Wall Street’s most crowded trade could be splitting up.



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revelation last month that millions of users’ data were compromised, stock-picking fund managers have soured on the social-network’s stock, with some either partially or completely abandoning their positions.

Although the plunge in Facebook shares has pulled down its cohorts in the popular FANG trade—


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Netflix Inc. and Google-parent Alphabet Inc.—even some of Facebook’s most bearish investors say those stocks remain among the market’s best bets.

The NYSE FANG+ index, which tracks 10 global tech heavyweights, has bounced back after last month’s slide and is outperforming the S&P 500 in April—it is up 1.9% versus 0.6% for the broad market index.

“Investors have been trying to lump these stocks all together for years,” said

Rob Sharps,

head of investments and group chief investment officer for T. Rowe Price Group. “It’s perplexing,” he added, considering their different business models. “There may be some greater differences among the FANG stocks than in the past.”

Other active fund managers echo that sentiment and say Facebook’s recent trouble threatens to cool user and revenue growth, forcing them to look to the “ANG” stocks and other highflying growth companies for bigger gains going forward.

Brad Slingerlend—portfolio manager of the Janus Henderson Global Technology Fund, which has stakes in all four FANG stocks, as well as other big tech names like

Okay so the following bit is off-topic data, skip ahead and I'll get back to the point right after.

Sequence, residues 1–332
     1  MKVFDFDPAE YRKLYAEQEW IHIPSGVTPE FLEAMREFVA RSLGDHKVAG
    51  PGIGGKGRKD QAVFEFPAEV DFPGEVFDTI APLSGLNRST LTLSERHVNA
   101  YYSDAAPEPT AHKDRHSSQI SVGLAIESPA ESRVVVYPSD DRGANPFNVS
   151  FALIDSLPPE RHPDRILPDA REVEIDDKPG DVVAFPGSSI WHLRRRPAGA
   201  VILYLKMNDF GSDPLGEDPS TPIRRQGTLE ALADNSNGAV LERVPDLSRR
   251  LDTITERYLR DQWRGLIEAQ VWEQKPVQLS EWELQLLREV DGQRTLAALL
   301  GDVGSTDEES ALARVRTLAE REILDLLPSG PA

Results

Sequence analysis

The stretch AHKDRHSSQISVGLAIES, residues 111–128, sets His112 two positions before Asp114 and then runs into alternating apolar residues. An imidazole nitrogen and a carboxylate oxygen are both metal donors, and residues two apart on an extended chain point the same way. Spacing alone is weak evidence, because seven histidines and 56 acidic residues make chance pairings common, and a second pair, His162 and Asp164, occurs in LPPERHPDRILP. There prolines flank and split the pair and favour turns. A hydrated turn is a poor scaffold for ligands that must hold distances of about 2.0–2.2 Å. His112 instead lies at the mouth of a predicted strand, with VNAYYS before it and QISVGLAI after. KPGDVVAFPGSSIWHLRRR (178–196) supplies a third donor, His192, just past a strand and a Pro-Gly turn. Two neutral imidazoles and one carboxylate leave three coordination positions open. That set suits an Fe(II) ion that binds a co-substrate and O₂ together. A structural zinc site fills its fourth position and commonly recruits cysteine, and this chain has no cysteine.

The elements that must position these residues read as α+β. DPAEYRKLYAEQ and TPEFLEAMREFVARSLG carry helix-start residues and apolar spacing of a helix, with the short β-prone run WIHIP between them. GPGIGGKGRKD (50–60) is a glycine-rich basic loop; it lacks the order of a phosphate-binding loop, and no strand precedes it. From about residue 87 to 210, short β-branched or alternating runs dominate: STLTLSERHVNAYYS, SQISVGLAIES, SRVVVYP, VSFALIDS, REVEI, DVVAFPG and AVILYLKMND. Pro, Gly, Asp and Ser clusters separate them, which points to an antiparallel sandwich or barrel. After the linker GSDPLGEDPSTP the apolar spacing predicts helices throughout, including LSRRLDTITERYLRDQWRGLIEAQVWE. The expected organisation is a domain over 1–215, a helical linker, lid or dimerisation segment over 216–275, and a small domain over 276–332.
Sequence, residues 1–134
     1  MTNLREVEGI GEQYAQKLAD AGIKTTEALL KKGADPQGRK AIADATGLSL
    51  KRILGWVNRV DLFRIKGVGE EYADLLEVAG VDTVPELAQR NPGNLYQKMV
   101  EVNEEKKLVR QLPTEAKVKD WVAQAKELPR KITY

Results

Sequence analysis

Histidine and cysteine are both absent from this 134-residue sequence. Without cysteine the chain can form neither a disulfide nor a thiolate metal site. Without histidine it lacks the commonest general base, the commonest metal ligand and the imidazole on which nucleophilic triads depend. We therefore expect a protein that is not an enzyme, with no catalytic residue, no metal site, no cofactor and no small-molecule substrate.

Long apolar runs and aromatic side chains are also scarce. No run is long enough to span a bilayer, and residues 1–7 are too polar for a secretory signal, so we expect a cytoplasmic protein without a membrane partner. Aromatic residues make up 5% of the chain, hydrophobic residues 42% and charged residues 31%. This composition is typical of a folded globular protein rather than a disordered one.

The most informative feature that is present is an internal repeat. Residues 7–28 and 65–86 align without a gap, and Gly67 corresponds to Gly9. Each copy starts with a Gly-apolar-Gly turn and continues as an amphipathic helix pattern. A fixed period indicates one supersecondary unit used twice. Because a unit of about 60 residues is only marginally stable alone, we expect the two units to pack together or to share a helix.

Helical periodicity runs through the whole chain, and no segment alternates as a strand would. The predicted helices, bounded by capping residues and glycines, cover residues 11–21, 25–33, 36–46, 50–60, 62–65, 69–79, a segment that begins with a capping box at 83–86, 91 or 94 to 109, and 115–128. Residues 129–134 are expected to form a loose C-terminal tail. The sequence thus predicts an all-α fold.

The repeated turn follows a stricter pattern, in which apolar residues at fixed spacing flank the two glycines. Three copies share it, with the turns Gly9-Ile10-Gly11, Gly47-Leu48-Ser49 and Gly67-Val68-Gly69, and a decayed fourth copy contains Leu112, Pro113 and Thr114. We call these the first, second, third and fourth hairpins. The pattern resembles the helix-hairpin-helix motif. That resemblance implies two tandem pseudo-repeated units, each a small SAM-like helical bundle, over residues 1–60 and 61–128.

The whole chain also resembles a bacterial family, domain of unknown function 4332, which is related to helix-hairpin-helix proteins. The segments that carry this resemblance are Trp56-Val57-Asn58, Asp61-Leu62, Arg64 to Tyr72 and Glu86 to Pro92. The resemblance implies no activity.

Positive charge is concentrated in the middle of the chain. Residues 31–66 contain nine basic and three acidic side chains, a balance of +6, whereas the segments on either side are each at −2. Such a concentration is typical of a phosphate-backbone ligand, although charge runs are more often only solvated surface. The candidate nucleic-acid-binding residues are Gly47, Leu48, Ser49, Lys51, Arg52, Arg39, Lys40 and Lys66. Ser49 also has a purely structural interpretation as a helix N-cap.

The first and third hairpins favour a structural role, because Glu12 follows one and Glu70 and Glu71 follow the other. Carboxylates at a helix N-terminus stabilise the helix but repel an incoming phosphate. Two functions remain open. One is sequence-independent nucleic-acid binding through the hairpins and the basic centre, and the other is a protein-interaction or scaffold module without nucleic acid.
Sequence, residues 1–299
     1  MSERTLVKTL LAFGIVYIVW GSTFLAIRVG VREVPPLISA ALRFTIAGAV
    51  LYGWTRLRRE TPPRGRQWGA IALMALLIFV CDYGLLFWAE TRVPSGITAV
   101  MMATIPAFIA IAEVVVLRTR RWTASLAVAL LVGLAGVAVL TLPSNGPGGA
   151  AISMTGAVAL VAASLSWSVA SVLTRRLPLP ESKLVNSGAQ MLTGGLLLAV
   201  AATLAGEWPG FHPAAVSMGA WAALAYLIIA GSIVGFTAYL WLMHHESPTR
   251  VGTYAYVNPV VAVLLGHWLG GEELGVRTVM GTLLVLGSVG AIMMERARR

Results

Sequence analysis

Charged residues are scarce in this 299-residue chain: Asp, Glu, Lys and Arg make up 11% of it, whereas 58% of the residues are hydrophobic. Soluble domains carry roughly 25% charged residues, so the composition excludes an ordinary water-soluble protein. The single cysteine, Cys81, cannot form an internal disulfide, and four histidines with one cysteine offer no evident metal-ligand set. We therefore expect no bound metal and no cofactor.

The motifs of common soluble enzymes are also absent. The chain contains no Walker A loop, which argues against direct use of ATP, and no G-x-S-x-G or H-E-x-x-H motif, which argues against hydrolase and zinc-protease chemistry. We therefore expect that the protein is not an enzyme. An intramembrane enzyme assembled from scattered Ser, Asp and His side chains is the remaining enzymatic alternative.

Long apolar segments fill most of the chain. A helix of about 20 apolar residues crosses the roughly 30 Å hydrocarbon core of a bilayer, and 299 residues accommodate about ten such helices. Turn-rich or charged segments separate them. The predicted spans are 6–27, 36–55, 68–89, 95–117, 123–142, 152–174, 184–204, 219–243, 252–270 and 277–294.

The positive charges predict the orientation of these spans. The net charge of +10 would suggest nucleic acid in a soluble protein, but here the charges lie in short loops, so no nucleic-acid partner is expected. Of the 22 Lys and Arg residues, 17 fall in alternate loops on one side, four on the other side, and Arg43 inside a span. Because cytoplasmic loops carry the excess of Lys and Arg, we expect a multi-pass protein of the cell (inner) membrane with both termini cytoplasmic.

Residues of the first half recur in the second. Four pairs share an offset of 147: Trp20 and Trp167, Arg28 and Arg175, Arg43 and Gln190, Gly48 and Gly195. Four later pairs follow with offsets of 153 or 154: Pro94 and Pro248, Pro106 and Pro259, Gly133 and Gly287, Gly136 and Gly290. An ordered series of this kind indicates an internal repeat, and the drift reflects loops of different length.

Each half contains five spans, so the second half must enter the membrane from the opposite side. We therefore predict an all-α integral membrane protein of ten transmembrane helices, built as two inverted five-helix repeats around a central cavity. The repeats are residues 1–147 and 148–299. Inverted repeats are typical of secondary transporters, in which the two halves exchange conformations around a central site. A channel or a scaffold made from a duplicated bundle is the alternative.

Tencent Holdings


Alibaba Group Holding

—says his fund started reducing its position in Facebook before the data-privacy controversy.

He sees further declines ahead for the social-network company despite the shares already trading 16% below their February high. “I’m not sure [Facebook shares] have come down enough to reflect that risk” of how it handles its data, Mr. Slingerlend said, adding Chief Executive

Mark Zuckerberg’s

tight control of the company creates added uncertainty for investors. “The range of outcomes for Facebook has widened significantly.”

A spokeswoman for Facebook declined to comment.

The FANG stocks have together shed more than $200 billion in market value since mid-March when Facebook plunged after acknowledging its data privacy issues. Facebook, Amazon and Alphabet are still off 10% or more over that time, compared with a more modest 2.9% drop for Netflix, which didn’t slide as much as peers.

But investors remain generally optimistic about the prospects for Amazon and Netflix as those companies continue to disrupt and upend the business segments they operate in—retail for Amazon and media for Netflix. And Alphabet’s diversified operations—from advertising to search to hardware—make it a dominant force in many fields.

Mr. Slingerlend says he doesn’t plan to significantly reduce his fund’s holdings in Alphabet and Amazon and expects them to maintain their heady growth paths, even if lawmakers push for more regulation of tech companies. Investors who group those tech giants with Facebook are missing the intricacies of each business, he said, dismissing President